Solving Diophantine Equations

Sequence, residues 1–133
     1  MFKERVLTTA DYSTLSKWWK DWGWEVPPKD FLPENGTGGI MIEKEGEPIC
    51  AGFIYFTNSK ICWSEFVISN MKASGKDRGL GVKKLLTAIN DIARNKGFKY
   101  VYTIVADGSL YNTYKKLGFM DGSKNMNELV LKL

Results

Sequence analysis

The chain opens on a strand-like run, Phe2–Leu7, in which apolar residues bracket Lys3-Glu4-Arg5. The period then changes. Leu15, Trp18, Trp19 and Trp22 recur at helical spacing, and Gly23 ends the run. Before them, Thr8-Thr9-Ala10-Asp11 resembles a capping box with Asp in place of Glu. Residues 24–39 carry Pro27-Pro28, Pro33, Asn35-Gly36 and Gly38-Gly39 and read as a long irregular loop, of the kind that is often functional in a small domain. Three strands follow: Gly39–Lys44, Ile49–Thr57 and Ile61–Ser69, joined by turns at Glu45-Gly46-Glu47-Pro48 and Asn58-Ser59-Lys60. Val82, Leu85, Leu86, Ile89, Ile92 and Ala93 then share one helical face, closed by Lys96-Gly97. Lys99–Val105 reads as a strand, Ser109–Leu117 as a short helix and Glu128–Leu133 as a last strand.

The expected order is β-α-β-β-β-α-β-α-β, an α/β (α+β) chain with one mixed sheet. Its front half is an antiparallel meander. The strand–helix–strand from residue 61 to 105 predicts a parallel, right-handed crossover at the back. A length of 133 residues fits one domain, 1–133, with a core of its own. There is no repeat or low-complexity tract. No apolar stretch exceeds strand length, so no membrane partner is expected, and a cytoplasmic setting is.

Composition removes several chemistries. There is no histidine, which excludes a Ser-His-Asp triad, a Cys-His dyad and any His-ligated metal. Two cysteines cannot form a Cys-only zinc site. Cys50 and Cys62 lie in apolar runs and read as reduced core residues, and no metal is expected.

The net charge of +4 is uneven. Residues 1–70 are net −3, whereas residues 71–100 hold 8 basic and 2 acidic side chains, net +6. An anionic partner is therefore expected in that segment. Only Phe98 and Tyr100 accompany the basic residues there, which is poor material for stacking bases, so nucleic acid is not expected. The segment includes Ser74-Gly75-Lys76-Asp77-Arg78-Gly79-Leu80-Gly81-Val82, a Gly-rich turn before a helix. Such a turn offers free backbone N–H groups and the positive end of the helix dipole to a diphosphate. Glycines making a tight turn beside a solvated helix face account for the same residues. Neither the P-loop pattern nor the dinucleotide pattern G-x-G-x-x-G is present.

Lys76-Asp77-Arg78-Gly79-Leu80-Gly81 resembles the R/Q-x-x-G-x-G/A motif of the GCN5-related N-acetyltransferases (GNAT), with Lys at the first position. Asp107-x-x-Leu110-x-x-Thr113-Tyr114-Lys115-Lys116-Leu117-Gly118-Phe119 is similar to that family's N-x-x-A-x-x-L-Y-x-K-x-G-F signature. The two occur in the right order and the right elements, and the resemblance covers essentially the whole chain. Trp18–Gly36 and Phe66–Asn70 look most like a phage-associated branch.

\begin{document} \maketitle \section{Introduction} In this lesson we study Jim Carlson's algorithm for solving a Diophantine equation using Python and recursion. It is taken from the web document Jim Carlson "A Short Course in Python for Number Theory" p11,12. \section{The Solution} \subsection{Some notation} \textit{ Parentheses, brackets and braces.} \\ Parentheses in mathematics have many meanings, depending on the context. But computers are not able to handle context. So we must distinguish their use for grouping arithmetic expressions. We can also leave them for writing functions because the name of the function preceeding their use establishes the functional context. But for ordered pairs of numbers, we'll switch to square brackets. Recall that is LaTeX braces take on very special grouping role. In some computer languages, braces take on a similar role. \textit{ The equals sign.} \\ In mathematics the equals sign always means an equation, which may or may not be true. But it must be capable of being true or false. We also use the equal sign when we substitute a single letter for a more complicated expression. Sometimes, we use := for this purpose. But it is always correct to exchange right and left sides of an equation. In computer languages the equals sign means quite something different, and you may never exchange the sides here. The equal sign in Python as in other computer languates means that you assgn the value of the expression on the RHS to the object named on the LHS. \subsection{The algorithm} We want to solve \begin{eqnarray*} ax+by&=&c \mbox{ .......... (1) } \\ \end{eqnarray*} Assuming that $gcd(a,b)|c$ else there is no solution. \\ Do a long-division step \begin{eqnarray*} a&=&bq+r \mbox{ .......... (2) } \\ \end{eqnarray*} If $r=0$ then there is a trivial solution of (1) with $x=0, y=c/b$. Else, we get an equivalent equation by substituting and rewriting. \begin{eqnarray*} (bq+r)x+by&=&c \mbox{ .......... (3) } \\ b(qx+y)+r(x)&=&c \mbox{ .......... (4) } \\ b(u)+r(v)&=&c \mbox{ .......... (5) } \\ \end{eqnarray*} where $[u,v]=[qx+y,x] $ is a just a renaming, which is invertible. \begin{eqnarray*} [x,y]&=&[v,u-qv] \mbox{ .......... (6) } \\ \end{eqnarray*} That is, if $[u,v]$ is the solution to $bu + rv=c$ then (6) yield the solution to $ax+by=c$. \subsection{The code} Jim Carlson's function \texttt{ isolve(a,b,c)} implements this algorithm recursively. The variable \texttt{sol} denotes the output of \texttt{ isolve } applied after a long division step. The output is an ordered pair, the first element of which is \texttt{ sol[0] } and the second element is \texttt{ sol[1]}. In mathematics, we would not use a multiletter word for a vector $s=[s_0,s_1]$, and we would use subscripts instead of the brackets. \subsection{An example} Here is a worked out example \end{document}